To commemorate these two pivotal achievements, the Smithsonian’s National Museum of African American History and Culture in collaboration with the National Museum of American History is presenting an exhibition that explores the historical context of these two crucial events, their accomplishments and limitations, and their impact on the generations that followed. Featuring Schuyler Colfax’s copy of the Thirteenth Amendment, which we acquired for David Rubenstein.
Ronald Reagan Presidential Foundation & Library
The Life and Times of Abraham Lincoln
The Life and Times of Abraham Lincoln displayed sets and costumes from DreamWorks Studios’ Lincoln, along with original artifacts including Lincoln’s stovepipe hat, lent by Hildene, Mary Todd Lincoln’s portable commode, and dozens of other unique personal effects. Important documents covered every aspect of Lincoln’s career, from his earliest known writing (teaching himself compound interest) to important letters on slavery, leaves from his 1864 State of the Union Address, and the 13th Amendment ending slavery. We are proud to have helped arrange the loan of many of the highlights.
Fairfield Museum & History Center
Promise of Freedom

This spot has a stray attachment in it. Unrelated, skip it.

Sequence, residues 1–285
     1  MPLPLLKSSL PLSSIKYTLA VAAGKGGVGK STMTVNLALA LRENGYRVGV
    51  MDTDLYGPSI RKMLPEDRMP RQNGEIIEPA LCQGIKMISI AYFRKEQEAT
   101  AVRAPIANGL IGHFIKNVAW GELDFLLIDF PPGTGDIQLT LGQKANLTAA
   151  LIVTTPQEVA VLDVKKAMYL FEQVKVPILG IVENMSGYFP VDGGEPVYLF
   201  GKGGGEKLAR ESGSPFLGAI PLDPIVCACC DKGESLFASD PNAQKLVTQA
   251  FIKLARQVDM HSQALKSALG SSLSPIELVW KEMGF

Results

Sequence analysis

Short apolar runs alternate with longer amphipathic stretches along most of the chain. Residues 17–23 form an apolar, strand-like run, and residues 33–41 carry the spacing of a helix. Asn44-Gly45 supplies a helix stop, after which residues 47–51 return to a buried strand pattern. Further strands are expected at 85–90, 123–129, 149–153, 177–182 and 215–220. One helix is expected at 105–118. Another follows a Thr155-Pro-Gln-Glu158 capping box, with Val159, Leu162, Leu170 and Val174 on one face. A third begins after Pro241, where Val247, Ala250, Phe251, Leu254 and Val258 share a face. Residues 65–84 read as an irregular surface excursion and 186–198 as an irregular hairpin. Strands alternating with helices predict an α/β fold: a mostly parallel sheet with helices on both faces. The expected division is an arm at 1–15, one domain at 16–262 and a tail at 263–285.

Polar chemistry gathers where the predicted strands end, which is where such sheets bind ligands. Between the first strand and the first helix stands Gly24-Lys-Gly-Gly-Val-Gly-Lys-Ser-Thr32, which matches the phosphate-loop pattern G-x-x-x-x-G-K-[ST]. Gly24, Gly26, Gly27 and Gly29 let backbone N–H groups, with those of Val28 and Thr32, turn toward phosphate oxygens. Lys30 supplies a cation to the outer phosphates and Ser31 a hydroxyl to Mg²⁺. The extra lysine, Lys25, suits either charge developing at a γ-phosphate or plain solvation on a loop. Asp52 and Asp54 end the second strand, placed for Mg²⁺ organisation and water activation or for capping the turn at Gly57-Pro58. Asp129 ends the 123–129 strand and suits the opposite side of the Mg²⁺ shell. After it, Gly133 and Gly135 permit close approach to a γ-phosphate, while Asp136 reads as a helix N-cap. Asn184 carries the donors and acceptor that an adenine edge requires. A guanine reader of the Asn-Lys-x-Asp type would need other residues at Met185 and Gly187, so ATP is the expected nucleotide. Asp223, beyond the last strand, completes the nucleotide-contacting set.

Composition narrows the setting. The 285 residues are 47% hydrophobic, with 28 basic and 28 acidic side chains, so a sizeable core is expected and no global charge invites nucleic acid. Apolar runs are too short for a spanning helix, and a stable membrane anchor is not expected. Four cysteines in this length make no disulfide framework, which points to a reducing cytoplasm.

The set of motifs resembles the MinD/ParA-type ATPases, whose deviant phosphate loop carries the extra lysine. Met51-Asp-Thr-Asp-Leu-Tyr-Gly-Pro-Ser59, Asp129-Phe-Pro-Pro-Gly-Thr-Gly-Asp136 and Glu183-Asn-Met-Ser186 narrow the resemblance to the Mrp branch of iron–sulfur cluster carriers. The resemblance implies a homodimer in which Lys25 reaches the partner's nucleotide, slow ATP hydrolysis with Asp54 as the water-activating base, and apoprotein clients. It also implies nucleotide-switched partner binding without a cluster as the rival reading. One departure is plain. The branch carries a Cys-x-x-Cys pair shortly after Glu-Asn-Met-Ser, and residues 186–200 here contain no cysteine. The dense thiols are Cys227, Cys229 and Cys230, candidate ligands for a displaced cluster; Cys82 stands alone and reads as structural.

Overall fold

This was the only exhibition in New England to display Lincoln-signed copies of the Emancipation Proclamation and Thirteenth Amendment (lent by an anonymous client), as well as other fascinating documents, paintings and artifacts that narrated this decisive moment in the quest for human freedom. For context, the exhibit included a scarce early facsimile of the Declaration of Independence we loaned, and a scarce Connecticut printing of the Constitution (lent by the Scarsdale Public Library).
President Lincoln’s Cottage
The Emancipation Proclamation
This exhibit featured a rare Lincoln-signed copy of Emancipation Proclamation (which we acquired for David Rubenstein last year) on display in the place where he first drafted this historic document.
New-York Historical Society
Abolishing Slavery: The 150th Anniversary of the Emancipation Proclamation
The New-York Historical Society is commemorated the sesquicentennial of the Emancipation Proclamation with a display of rare documents we acquired for the Gilder Lehrman Collection, including Lincoln-signed copies of the Emancipation Proclamation and a congressional copy of the Thirteenth Amendment.
National Museum of American Jewish History
To Bigotry No Sanction: George Washington and Religious Freedom
This exhibition highlighted Washington’s famous 1790 letter to the Hebrew Congregation of Newport, R.I. Along with two of our clients we loaned several important documents:
Washington’s “Throne of Grace” letter to the German Lutheran congregation of Philadelphia.
A rare first public printing of the Constitution.
A July 1776 broadside of the Declaration of Independence.
State Archives of the Russian Federation
The Tsar and The President: Alexander II & Abraham Lincoln, Liberator and Emancipator
The American-Russian Cultural Cooperation Foundation, organized this exhibition at the State Archives of the Russian Federation in Moscow and the State Museum Tsarskoye Selo in St. Petersburg.
New-York Historical Society
Lincoln and New York
Heinz History Center, in partnership with the National Constitution Center
Lincoln, the Constitution and the Civil War
Lincoln in New York: A Rail Splitter Bicentennial Exhibit